This passage of Scripture is relevant to Roman Catholic transubstantiation because it affirms that Jesus Christ is our source of spiritual nourishment. He is our spiritual food. He, the substance, is the same substance that is made mentally present by faith at the meal of the New Covenant.
Transubstantiation does not involve the eating and drinking of Christ in a "spiritual" manner. That language is distinct from Roman Catholic dogma. Transubstantiation takes place when the priest pronounces the bread and wine to be Jesus Christ's actual body and blood (the change is not in the accidents, but substance).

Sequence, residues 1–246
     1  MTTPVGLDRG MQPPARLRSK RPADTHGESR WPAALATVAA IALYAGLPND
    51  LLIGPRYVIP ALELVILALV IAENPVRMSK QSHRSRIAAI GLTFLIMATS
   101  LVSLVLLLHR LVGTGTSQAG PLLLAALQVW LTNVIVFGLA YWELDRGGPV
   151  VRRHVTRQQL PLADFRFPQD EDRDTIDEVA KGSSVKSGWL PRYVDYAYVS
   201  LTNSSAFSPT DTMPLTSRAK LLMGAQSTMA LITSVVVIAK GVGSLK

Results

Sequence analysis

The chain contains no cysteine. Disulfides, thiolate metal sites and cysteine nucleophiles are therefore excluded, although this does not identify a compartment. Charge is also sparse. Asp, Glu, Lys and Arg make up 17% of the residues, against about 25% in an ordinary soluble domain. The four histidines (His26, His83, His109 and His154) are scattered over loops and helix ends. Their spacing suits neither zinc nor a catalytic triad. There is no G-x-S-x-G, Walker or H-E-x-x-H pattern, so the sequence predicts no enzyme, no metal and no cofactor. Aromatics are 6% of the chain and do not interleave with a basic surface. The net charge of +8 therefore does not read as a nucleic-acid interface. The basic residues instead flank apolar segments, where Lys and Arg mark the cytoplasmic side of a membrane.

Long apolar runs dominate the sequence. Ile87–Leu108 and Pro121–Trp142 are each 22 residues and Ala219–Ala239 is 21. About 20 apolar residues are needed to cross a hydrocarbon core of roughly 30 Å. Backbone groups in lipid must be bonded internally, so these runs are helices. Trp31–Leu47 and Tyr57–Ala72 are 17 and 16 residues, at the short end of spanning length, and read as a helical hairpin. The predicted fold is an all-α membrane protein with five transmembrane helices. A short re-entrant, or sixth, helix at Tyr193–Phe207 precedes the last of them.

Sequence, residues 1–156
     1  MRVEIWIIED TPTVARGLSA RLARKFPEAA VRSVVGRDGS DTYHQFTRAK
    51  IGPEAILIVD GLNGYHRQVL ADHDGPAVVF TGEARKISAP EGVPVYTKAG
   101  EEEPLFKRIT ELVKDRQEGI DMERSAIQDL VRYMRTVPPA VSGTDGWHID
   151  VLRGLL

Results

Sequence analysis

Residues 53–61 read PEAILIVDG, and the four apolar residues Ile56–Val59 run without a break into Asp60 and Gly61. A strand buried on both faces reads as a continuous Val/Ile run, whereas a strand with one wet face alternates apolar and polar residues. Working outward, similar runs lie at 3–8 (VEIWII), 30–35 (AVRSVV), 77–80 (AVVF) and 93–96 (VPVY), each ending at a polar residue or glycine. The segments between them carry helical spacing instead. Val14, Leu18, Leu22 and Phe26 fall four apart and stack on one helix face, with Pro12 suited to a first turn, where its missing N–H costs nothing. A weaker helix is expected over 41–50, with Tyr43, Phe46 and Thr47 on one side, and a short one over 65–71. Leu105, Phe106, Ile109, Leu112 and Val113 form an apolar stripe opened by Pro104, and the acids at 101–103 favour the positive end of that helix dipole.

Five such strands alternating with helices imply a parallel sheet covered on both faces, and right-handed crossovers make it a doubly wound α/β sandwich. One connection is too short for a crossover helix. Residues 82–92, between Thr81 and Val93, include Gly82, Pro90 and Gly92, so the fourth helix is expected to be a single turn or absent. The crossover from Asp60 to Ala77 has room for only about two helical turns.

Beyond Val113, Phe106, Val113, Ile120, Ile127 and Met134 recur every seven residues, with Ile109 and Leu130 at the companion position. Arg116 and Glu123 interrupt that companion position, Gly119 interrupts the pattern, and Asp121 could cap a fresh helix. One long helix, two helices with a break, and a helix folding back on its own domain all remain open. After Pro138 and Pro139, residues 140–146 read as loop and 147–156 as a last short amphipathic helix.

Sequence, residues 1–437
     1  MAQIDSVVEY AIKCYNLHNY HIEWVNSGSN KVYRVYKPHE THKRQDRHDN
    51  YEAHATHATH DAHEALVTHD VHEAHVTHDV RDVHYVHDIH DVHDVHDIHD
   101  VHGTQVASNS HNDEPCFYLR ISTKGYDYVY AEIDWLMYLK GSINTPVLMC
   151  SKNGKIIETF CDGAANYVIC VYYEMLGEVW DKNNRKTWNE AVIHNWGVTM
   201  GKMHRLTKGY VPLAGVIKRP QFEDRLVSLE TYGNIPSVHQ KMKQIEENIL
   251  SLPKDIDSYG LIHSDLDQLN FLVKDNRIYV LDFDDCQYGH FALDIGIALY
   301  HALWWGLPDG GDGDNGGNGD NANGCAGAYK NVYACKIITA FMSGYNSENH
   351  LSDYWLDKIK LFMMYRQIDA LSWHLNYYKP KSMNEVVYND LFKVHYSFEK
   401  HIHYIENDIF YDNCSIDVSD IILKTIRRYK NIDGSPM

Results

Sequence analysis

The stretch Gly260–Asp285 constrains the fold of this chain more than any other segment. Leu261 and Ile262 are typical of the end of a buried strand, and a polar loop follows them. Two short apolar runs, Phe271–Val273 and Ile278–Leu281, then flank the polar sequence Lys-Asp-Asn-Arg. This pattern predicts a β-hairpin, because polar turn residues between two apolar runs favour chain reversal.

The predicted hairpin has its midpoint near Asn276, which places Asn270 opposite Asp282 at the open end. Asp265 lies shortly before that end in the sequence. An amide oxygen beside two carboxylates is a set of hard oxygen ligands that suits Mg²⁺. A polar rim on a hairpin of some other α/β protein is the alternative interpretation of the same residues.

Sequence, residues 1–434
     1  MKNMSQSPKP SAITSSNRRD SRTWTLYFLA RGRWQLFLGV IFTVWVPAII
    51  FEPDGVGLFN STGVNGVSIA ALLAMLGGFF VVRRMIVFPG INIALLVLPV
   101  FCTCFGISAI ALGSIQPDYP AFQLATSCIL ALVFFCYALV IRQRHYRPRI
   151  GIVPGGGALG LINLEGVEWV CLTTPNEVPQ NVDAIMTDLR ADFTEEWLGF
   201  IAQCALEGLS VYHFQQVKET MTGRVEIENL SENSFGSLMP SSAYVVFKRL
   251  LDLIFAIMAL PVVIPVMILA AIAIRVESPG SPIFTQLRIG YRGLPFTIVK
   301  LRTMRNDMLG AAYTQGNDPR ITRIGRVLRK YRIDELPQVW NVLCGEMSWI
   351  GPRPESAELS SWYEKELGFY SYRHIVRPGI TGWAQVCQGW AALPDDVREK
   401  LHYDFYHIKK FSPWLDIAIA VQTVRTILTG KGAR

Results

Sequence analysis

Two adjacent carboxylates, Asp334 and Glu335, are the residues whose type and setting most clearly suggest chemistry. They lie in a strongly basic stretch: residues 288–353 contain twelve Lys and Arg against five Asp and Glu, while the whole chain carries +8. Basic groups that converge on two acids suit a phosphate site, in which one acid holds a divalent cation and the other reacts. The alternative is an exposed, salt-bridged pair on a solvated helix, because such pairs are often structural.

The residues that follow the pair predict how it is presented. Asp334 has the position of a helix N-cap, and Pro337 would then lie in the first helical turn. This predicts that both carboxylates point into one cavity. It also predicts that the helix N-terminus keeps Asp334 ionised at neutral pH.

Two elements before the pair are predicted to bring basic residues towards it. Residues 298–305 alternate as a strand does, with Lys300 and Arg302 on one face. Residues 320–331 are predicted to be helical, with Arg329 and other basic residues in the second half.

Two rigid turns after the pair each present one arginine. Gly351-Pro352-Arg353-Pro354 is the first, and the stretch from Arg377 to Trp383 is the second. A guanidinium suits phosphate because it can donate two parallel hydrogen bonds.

What matters in Roman Catholic theology is the participation in that physical substance. But this is directly contrary to the way that the Scriptures speak concerning the participation of those ancient people in the meal and water (during the Exodus).
The Israelites "ate" and "drank" Christ, which must be spiritual and not physical because no transubstantiation took place during the Old Testament. We partake of Christ in the same spiritual way that the Old Testament Jews did: by faith.